WASHINGTON — The bipartisan budget compromise that passed the House by a wide margin last week has inspired House Speaker John Boehner, R-Ohio, to blast outside conservative groups that he said were using Republican members of Congress for their own gain. It has inspired kind words between the two legislators – Senate Budget Committee Chairman Patty Murray, D-Wash., and House Budget Committee Chairman Paul Ryan, R-Wis. – who hammered out the deal. And it has inspired hope that, after years of governing by crisis, Congress may begin returning to something resembling regular order.

But that hope masks a deeply divided Senate, where ill will over recent rule changes has heightened a bitter partisan divide.

As the Senate prepares to take up the budget deal this week, both sides say it is likely to be one of the final pieces of significant legislation to pass the 113th Congress as midterm elections loom.

Even the deal’s chief Democratic negotiator conceded Sunday that her relationship with Ryan is no sign of things to come.

“I think the grand bargain, you know, that puts everything in a whole lot of tough votes on the table is impossible to find at this point,” Murray said on NBC’s “Meet the Press.”

Despite the broad bipartisan vote to pass the budget deal in the House, Democrats are still trying to come up with the 60 votes necessary to break a GOP-led filibuster in the Senate. On Friday, several key Republicans signaled that they would vote to end debate. That list included Sens. John McCain, Ariz.; Jeff Flake, Ariz.; Susan Collins, Maine; and Richard Burr, N.C.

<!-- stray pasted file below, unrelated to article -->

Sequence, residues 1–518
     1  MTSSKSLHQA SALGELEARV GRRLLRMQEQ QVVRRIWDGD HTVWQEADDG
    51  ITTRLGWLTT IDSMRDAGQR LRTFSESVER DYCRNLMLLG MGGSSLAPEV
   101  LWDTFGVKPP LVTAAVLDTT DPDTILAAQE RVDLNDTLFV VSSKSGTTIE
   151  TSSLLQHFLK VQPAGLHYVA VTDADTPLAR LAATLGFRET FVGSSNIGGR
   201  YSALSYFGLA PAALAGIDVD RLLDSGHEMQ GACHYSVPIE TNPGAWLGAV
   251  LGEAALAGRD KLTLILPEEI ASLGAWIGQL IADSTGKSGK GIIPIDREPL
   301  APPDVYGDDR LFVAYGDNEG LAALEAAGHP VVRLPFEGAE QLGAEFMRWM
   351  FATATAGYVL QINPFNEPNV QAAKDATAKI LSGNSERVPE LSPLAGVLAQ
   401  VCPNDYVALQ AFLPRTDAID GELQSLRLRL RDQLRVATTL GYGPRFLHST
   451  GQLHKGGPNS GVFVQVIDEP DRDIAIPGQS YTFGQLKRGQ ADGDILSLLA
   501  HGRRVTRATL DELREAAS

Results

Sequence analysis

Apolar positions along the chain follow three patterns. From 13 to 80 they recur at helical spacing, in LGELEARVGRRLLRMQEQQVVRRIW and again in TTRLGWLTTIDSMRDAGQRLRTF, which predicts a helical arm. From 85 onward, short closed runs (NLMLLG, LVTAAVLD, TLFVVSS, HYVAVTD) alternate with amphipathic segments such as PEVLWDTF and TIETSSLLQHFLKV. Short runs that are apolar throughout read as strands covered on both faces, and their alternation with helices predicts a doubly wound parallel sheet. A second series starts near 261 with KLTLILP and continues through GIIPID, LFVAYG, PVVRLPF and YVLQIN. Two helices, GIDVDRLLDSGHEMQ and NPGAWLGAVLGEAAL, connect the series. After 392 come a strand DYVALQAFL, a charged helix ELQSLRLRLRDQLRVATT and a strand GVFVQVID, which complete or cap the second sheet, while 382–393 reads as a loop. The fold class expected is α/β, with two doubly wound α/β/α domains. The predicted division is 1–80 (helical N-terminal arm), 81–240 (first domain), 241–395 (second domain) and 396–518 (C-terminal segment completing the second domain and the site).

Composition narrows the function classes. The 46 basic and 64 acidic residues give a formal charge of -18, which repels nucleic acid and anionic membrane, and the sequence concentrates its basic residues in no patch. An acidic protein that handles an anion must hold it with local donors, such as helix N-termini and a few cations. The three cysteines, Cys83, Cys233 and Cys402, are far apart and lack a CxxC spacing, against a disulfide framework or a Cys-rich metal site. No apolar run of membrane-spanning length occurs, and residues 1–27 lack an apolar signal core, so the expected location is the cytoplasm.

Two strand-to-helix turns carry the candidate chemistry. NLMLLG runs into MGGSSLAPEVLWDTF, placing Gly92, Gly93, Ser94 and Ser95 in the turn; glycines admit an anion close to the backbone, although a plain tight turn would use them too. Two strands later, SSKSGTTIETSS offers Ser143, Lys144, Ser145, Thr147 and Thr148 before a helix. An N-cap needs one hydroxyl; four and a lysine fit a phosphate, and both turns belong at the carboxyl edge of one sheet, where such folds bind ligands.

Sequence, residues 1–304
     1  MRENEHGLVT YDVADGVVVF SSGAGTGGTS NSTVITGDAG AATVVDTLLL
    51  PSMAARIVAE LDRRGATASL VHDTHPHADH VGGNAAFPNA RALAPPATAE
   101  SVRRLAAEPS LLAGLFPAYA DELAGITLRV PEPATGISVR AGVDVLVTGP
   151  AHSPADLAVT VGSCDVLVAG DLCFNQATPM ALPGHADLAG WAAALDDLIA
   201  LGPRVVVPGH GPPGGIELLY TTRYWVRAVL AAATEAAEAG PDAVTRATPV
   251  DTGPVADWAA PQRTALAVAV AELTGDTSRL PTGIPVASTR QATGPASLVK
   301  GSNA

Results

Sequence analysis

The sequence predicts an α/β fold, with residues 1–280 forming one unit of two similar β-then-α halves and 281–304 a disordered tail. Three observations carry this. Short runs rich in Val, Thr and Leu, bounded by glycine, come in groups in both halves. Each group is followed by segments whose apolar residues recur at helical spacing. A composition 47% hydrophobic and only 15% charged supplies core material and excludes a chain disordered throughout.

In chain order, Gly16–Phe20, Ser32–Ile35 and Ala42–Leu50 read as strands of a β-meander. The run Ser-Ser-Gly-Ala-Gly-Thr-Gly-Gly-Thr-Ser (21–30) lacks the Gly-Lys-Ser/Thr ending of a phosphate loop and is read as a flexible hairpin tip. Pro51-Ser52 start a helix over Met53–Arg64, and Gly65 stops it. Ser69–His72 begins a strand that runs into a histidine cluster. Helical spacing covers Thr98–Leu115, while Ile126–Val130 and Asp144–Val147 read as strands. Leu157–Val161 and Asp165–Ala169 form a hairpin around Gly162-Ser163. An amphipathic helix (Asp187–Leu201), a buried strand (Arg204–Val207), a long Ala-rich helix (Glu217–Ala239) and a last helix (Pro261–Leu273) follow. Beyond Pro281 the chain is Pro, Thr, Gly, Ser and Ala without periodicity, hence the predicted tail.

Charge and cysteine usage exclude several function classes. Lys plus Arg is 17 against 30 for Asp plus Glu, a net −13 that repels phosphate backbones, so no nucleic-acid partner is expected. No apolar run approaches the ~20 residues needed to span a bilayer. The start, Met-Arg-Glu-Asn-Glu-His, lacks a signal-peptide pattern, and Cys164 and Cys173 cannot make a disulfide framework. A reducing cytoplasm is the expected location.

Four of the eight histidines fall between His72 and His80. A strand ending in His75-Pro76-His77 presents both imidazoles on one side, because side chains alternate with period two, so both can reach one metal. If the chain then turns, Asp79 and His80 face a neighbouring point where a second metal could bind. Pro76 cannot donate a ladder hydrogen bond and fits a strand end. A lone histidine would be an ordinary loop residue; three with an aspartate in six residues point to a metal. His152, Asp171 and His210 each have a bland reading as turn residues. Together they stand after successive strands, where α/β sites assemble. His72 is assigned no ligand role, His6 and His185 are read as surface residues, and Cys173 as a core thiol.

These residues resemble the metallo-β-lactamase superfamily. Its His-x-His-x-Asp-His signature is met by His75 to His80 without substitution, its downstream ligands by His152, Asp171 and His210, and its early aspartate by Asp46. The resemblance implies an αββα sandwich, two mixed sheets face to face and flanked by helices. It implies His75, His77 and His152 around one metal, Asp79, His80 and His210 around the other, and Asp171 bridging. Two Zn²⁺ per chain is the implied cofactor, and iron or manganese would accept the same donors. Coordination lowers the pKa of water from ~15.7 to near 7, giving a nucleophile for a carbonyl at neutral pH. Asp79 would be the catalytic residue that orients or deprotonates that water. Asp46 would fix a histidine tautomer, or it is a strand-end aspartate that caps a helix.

Several others, including Sens. Johnny Isakson, Ga.; Saxby Chambliss, Ga.; Lisa Murkowski, Alaska; and Bob Corker, Tenn., have indicated that they may vote for cloture. McCain said Sunday he would support the final measure.

“The struggle is still on in the United States Senate; we will need about eight Republicans to come our way. I feel we’ll have a good, strong showing from the Democratic side. But we need bipartisan support to pass it,” Sen. Dick Durbin, D-Ill., said on CBS’s “Face the Nation.”

The Senate is expected to vote to end debate Tuesday morning, followed by a vote on final passage by Wednesday evening. The chamber is scheduled to end its legislative business for the year on Friday, though aides in both parties suggested that it may adjourn Wednesday or Thursday.

After the Senate reconvenes in January, observers say, the coming year is unlikely to yield significant legislative action. Democrats will probably advance measures intended to draw political contrasts with Republicans – including a proposal to raise the minimum wage and a number of smaller bills that they say would boost jobs and strengthen the economy.

None of those measures is likely to win Republican votes or spur action in the GOP-controlled House.

Congress won’t be completely dormant: House and Senate negotiators are nearing a final deal on the farm bill, and the two chambers are working on a water-resources agreement. Democratic and Republican negotiators will also have to strike a deal to raise the debt ceiling, probably by mid-February.

Immigration reform, a major priority for President Obama, is stuck in the House; Boehner has said the chamber won’t take up the Senate-passed version of the legislation.

The Senate is likely to take action on a proposal from Sen. Kirsten Gillibrand, D-N.Y., to make changes to the military’s handling of sexual assault cases, and to consider a new package of sanctions against Iran over its nuclear program.